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Understanding Procrastination

I’ve gone through bouts of productivity and bouts of procrastination and often wonder what brings on procrastination, what is the source of it, and how do I get out of it?

Prior to taking a mood stabilizer, procrastination wasn’t really an issue for me cause my mania would fuel productivity, and my underlying anxiety would keep me going, and my wheels would always be turning for fear of not completing tasks. But that’s not the case anymore with a mood stabilizer that curbs that anxiety, and my need for productivity. So now I inevitably am faced with procrastination challenges and issues. But, I think those issues have characteristics that go beyond simply experiencing the ramifications of taking a medication that chills me out a bit, and slows my down.

Let’s examine the initial questions I presented in an effort to better understand procrastination. To address my first question, what brings on procrastination, it’s a mixed bag? Laziness, fear of failure, and a the feeling of being stagnant all play a role in the starting features of procrastination. We can’t always help feeling stagnant cause what if you are going through depression. You might feel like moving forward is too much of a challenge so the result can be procrastination. Trepidation of failure can result in not even trying a task so you end up with zero outcomes for your goals.

Secondly, what is the source of procrastination? For me, insecurity and often times shame. I think when you lack confidence in yourself you are more prone to procrastinate. If you don’t feel good about yourself, and you don’t see worth in whatever it is you are trying to accomplish, you are less liking to attempt to achieve your endeavor. Again, an episode of depression can certainly contribute to procrastination but, sometimes it’s hard to decipher if it is clinical depression or just overall lack of confidence that impedes your inability to accomplish tasks on the horizon. Then there is shame. Shame is an odd experience that can weigh heavily on your mind to the point where you don’t feel like you are worthy of achieving so, as a result, end up doing nothing.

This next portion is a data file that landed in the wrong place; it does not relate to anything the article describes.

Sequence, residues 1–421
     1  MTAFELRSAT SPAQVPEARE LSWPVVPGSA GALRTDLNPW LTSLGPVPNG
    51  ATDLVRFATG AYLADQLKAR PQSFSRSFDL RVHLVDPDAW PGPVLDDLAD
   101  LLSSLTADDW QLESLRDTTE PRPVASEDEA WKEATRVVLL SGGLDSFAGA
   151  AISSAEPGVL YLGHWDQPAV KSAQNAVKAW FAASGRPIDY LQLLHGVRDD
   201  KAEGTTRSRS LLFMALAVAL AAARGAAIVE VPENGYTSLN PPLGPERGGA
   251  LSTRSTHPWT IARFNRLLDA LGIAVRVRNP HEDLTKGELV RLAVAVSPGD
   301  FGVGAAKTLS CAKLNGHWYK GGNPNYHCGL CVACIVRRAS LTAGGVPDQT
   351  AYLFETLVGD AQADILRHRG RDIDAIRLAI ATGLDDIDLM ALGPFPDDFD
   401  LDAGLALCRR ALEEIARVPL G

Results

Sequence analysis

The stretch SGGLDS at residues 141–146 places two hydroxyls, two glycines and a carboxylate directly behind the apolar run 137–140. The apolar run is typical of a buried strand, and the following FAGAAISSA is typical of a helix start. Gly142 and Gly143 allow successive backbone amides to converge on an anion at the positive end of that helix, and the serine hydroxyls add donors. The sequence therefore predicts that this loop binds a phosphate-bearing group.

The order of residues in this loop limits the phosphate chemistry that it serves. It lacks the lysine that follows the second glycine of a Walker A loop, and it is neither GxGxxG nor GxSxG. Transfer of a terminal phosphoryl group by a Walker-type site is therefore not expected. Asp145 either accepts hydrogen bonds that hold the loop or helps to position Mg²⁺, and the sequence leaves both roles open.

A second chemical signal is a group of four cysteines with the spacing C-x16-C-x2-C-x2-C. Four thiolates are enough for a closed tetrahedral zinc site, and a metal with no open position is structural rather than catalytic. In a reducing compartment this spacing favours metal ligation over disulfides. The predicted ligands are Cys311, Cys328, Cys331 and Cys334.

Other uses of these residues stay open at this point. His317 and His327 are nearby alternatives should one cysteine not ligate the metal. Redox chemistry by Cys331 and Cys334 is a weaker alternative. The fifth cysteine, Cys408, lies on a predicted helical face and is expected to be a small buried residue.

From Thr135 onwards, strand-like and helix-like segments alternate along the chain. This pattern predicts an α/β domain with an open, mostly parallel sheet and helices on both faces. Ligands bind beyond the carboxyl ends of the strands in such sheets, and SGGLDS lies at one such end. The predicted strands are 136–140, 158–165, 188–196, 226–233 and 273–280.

Thirdly, how do I get out of procrastination? Sometimes I fantasize about the old days, and think I’d be nice to quit taking my medication, and return to mania to get me up and going but, that is not a solution that is conducive to a healthy steady lifestyle. So, knowing that, I find that making a list with deadlines keeps me accountable. Setting goals that are reasonable is also key to avoid feeing overwhelmed. If you take baby steps your end results will add up, and you’ll see yourself one day with productivity. You don’t have to go full throttle and expect results over night, cause that is more likely to result in you quitting your aspirations.

I say all this cause it is human nature to procrastinate so, it is important to be vigilant on how you can fall into this trap. Depression or not, we all are prone to suffer from procrastination and, it is solely up to ourselves to do the necessary things to make an effort to overcome it.

Understanding Procrastination


Erica Loberg

Erica Loberg was born and raised in Los Angeles, CA. She attended Columbia University in New York and graduated with a BA in English. She is a published poet and author of Inside the Insane, Screaming at the Void, What Men Should Know About Women, What Women Should Know About Men, Diamonds From The Rough and Undressed.


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APA Reference
Loberg, E. (2019). Understanding Procrastination. Psych Central. Retrieved on November 12, 2019, from https://blogs.psychcentral.com/manic-depression/2019/10/09/understanding-procrastination/

 

Last updated: 9 Oct 2019
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